Almost all of the challenges that we are facing today in our society have their roots in the way we are schooling our children. How are we getting it all wrong?
We still subscribe to the notion of ‘one size fits all’ when we know very well that it is not the right way. This has resulted in limited or no choice at all for students and parents, thereby churning out the same kind of graduates we often complain about. Moreover, teachers’ professional pride is exterminated even before they can walk into their classrooms. It is high time we replaced centralised curriculum by giving schools the autonomy over their own curriculum.
Dictating what should be taught in the schools with centralised curriculum only propagates the herd mentality. Its very limitation—not being able to cater to the ever-expanding needs of students, parents and society—results in the production of mediocre citizens. Every child’s needs are different owing to his or her different backgrounds, interests, abilities, etc. Even if we succeed in understanding some essential common needs, we will never be able to generalise the various individual needs that are much greater in number than the common needs. It is a moral crime to think that the curriculum that has been designed by a few people can be useful to hundreds and thousands of children growing up in a different time with innumerable needs.
We need to understand that what is best for the students of Thimphu cannot be appropriate for the students of Laya and Lingzhi, and vice-versa. When we know that it takes a village to raise a child, how can we expect one curriculum to cater to the needs of all the children in Bhutan? It is, therefore, in the best interest of the children and the future of this country that we stopped dictating what schools should teach. Objectives and expected outcomes alone would enable the schools to do so much more and adequately cater to the needs of the students.
Curriculum experts at REC could, in this sense, direct their resources toward researching and building frameworks and resources instead of writing textbooks and teacher manuals.
If the schools are provided with the autonomy to determine the materials, activities and programmes in line with the national vision (accounting for structural, locational and faculty strengths etc.), parents and children could have greater choice over the kind of school education that they desire. Today, no matter which school one chooses to go to, the experience is basically the same. In fact, this is one reason why we are now losing our students to schools outside of Bhutan from as early as grade 5. If schools chose to specialise in the various aspects according to their strengths, Bhutan could have an exciting variety of quality schools, which would prevent our students from looking outside of the country. This would not only provide the required academic opportunities, but much more.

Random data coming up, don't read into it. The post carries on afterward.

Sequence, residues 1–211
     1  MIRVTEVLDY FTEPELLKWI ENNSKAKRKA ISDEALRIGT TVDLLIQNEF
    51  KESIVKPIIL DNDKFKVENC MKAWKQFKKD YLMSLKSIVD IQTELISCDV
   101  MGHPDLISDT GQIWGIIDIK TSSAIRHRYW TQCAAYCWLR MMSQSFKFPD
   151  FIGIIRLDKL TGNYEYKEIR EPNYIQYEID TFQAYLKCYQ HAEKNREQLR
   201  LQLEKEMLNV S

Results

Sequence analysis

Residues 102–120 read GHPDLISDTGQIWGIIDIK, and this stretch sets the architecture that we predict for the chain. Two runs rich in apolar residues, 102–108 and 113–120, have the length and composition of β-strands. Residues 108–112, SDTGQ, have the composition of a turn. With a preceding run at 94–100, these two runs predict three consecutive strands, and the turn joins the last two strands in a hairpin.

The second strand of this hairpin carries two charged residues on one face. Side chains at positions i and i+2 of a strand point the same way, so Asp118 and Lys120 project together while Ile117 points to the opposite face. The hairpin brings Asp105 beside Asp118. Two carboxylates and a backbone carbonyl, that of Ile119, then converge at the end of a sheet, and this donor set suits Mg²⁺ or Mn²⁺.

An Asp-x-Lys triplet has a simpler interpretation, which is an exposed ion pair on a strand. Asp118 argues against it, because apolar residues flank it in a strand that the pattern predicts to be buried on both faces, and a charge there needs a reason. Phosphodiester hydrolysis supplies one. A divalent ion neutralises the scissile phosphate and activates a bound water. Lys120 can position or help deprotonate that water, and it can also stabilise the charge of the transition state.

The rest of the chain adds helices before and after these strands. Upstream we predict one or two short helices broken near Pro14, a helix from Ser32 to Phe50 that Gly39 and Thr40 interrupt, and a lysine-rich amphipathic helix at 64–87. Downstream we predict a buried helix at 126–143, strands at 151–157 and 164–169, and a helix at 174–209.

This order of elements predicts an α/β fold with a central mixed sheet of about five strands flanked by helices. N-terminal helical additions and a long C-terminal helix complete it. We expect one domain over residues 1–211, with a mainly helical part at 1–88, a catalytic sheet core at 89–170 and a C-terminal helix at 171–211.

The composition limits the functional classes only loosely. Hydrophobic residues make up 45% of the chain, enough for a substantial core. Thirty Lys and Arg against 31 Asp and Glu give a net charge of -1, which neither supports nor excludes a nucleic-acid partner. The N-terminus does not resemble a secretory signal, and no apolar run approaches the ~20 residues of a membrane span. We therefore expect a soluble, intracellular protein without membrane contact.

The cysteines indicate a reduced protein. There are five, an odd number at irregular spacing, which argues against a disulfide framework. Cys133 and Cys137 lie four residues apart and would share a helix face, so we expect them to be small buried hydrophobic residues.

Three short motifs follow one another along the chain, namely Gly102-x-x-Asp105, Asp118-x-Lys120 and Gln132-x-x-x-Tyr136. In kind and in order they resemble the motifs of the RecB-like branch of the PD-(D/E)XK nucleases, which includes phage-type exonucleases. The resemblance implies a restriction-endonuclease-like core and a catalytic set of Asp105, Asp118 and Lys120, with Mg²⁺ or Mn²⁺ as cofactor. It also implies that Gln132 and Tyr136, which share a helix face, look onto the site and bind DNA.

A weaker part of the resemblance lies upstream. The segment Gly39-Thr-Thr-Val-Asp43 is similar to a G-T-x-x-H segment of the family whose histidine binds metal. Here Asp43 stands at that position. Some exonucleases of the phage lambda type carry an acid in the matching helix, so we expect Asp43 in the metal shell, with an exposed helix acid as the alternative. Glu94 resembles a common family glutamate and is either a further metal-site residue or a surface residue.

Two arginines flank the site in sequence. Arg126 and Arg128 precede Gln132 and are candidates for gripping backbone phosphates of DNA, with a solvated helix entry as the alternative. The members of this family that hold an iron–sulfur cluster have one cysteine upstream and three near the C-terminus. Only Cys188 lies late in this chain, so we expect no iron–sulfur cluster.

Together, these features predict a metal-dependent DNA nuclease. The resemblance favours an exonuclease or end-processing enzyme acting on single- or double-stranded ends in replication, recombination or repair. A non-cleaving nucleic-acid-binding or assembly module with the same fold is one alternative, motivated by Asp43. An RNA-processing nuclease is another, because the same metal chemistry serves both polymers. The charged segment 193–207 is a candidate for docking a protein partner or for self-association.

However, besides public schools, the Ministry of Education does not even allow the private schools to operate the way they and the parents want. When what is being offered free in the public schools has to be replicated by the private schools, what real choice are we offering the nation? This is the reason why we have so many graduates with the same deficiencies. It is not the fault of the graduates, but the fault of the system. The system has not provided the choice of schools according to their needs.
More than anything, the centralised curriculum is also adversely affecting teacher efficacy across the nation. When teachers are told what to teach and how to teach it, they feel very limited, which is the primary deterrent for teachers to give their best. A teacher would do an excellent job if he or she were simply provided with the broad framework and the freedom to achieve it. Mandatory textbooks and manuals do one thing and one thing alone—remove the professional pride of the teachers.
It is time the government stopped spending unnecessary amount of money on textbooks every year, not to mention that these textbooks are often outdated even before they get to the schools. For instance, we still follow a prescribed curriculum for subjects such as ICT when everything to do with IT is advancing in minutes and seconds.
We are even told what essays, stories and poems are to be taught. This must stop if we are to encourage creativity. I strongly feel that removing this requirement could empower teachers to find and create high-quality and more relevant materials.
Furthermore, empowering teacher engagement in such creative and critical thinking, decision-making and problem solving in order to deliver the daily lessons could spontaneously transmit life skills education to the students.
We tell our students how important it is to secure their future, but we are robbing them of that very future by dictating what and how the teachers must instruct them. The best way forward is to release the schools and teachers from centralised curriculum and give them more freedom to decide what to teach and how to teach.
This, I believe, will result in stronger schools, happier teachers, and superior students.
ELC High School